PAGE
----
Golf and the Spirit: Golf Lessons for the Journey

Golf and the Spirit: Golf Lessons for the Journey

by M. Scott Peck

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Golf and the Spirit: Golf Lessons for the Journey by M. Scott Peck

M. Scott Peck, renowned author of The Road Less Traveled, reveals how the game of golf has taught him — and can teach you — some of life's most important lessons. Whether you're a master, a beginner, or know nothing about golf and couldn't care less about it, by playing side by side with Dr. Peck on an imaginary course of his own design, you'll come to learn the rich spiritual truths the game holds. This program goes far beyond mechanics to explore deeper issues — ways of successfully managing emotional, psychological, and even spiritual aspects of this most wonderful, maddening, deflating, and inspiring game.

Here are some of the many gifts from Golf and the Spirit: appreciating that life is not linear; learning to live with anger; accepting the gift of humility; learning how to benefit from teachers and how to change deep-seated behaviors; appreciating that in weakness there is strength, and realizing that to experience the blessings of golf and life fully, one must accept the divinity that underlies all things.

Golf and the Spirit makes a unique and lasting contribution to the literature of golf and life. It is a program that goes beyond the body to address the heart and soul of the game, and will thereby transform your life — on and off the fairway.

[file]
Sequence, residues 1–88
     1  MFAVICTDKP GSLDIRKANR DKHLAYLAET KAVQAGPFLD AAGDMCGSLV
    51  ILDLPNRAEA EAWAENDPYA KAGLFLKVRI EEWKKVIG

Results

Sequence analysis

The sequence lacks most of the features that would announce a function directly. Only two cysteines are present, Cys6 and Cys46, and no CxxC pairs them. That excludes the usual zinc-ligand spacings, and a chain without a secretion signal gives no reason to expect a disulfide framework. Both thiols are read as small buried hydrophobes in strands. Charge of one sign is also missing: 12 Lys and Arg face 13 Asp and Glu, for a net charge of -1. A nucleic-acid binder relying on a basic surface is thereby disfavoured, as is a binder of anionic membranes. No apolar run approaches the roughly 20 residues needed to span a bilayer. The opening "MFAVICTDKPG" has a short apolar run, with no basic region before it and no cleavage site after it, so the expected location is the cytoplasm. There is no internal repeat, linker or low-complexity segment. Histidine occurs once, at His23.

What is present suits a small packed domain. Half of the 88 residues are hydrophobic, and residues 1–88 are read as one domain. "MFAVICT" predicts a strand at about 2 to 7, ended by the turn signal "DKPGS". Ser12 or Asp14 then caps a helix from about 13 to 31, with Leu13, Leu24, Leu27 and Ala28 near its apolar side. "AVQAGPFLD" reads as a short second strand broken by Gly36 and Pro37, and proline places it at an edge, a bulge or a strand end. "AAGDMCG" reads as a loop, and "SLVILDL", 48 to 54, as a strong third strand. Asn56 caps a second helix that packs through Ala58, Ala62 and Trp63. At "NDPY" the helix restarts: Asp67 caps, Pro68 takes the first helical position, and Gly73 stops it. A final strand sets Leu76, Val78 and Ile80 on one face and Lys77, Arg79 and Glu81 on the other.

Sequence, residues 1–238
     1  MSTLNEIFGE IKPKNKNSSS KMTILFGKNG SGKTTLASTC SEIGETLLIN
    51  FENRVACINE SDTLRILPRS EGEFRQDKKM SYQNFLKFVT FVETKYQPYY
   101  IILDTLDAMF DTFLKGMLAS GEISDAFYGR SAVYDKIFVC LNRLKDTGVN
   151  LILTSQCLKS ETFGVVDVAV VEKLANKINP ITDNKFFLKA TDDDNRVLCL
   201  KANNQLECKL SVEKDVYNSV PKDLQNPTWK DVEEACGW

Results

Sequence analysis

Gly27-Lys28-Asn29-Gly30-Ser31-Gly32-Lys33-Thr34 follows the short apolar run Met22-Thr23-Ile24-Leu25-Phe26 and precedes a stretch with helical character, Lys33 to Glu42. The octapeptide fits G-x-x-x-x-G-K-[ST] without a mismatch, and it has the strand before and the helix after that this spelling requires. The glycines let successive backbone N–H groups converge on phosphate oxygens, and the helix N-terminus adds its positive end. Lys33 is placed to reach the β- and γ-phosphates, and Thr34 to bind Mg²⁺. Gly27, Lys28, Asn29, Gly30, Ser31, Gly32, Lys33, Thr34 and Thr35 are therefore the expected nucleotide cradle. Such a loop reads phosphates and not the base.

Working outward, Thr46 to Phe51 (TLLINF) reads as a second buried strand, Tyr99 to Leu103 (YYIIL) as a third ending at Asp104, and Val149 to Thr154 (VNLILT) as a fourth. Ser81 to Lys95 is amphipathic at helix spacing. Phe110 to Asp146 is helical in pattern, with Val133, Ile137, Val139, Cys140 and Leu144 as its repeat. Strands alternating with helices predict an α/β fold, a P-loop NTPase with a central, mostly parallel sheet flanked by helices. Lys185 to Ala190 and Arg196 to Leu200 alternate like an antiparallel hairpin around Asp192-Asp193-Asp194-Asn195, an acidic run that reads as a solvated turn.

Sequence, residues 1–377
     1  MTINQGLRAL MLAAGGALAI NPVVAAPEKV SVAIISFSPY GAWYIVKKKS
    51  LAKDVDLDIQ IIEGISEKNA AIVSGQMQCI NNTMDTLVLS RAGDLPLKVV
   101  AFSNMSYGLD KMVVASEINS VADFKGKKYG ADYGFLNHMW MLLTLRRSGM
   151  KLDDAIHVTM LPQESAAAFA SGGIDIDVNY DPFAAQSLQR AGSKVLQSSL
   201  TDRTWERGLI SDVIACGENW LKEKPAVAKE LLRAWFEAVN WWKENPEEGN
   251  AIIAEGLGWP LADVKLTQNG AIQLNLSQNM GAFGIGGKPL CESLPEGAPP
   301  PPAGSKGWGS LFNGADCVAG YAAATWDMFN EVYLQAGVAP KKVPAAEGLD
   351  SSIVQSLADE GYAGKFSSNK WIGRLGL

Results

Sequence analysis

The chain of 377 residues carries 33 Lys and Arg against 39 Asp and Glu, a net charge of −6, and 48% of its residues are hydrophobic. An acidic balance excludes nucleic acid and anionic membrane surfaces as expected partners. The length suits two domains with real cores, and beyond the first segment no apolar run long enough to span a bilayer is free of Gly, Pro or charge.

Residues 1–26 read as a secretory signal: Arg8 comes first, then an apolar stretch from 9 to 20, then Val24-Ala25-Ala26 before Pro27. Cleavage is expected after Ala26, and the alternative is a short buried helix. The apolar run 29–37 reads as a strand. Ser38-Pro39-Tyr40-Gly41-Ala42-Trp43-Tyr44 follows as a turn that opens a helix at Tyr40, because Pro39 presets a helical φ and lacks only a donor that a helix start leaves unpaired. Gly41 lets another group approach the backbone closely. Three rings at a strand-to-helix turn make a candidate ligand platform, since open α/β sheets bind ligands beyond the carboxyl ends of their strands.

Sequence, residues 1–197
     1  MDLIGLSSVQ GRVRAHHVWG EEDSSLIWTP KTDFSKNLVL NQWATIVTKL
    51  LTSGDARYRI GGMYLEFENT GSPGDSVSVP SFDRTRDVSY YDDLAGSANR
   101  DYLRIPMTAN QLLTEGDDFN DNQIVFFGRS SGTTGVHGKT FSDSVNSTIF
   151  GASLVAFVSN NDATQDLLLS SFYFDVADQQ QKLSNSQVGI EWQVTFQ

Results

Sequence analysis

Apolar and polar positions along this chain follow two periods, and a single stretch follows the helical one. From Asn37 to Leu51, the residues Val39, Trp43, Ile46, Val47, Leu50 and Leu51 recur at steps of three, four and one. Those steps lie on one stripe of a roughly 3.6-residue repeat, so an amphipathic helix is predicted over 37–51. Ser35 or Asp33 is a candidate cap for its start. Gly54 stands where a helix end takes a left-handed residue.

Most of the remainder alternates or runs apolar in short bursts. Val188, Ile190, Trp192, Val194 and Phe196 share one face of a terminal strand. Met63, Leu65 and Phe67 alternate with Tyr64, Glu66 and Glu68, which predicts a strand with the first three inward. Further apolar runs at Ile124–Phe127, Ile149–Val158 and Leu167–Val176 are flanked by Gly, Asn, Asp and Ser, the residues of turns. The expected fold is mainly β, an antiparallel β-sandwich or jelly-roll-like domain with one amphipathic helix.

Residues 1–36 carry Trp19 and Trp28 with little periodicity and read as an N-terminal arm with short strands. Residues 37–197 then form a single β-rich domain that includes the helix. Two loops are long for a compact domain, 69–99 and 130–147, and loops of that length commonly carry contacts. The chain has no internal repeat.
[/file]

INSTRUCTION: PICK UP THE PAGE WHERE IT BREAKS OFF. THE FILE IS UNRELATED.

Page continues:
Product Details

ISBN-13: 9781568957517
Publisher: Cengage Gale
Publication date: 05/15/1999
Edition description: Large Print
Pages: 478
Product dimensions: 6.50(w) x 1.50(h) x 9.50(d)

About the Author

M. Scott Peck is the author of several New York Times bestsellers, including The Road Less Traveled, which has spent more than ten years of the Times list and is arguably the most influential spiritual book of modern times. He and his wife, Lily, live in northern Connecticut and have been the recipients of several awards for peacemaking.

Read an Excerpt

Golf and the Spirit

Lessons for the Journey
By M. Scott Peck

Wheeler Publishing

Copyright © 1999 M. Scott Peck
All right reserved.

ISBN: 1568957513

Chapter One

Once there was a man of limited imagination
who considered the progress of life to be straightforward.


* * *


To the proverbial man from Mars, golf would seem the most linear of all human activities. For example, it is the only common game I know where the player with the lowest score wins. The whole point, apparently, is to get the ball from here (a tee) to there (a hole in a green) as directly as possible. Generally, it is obvious that the straighter the passage of that little ball from the tee to the hole, the fewer times the player will have to hit it and, hence, the greater her or his sense of accomplishment. Then the golfer will move on to the tee of the next allotted space of terrain (or "hole") and repeat the same linear process all over again. And again. And again.

A few practicing human golfers actually do envision the game in this manner. Usually they are male. They are the "chargers." They advance directly along the course, their eyes only on the hole ahead, plowing forward with maximum speed, as if driven by amule. They are generally not having much fun. They are also often not playing very well, either.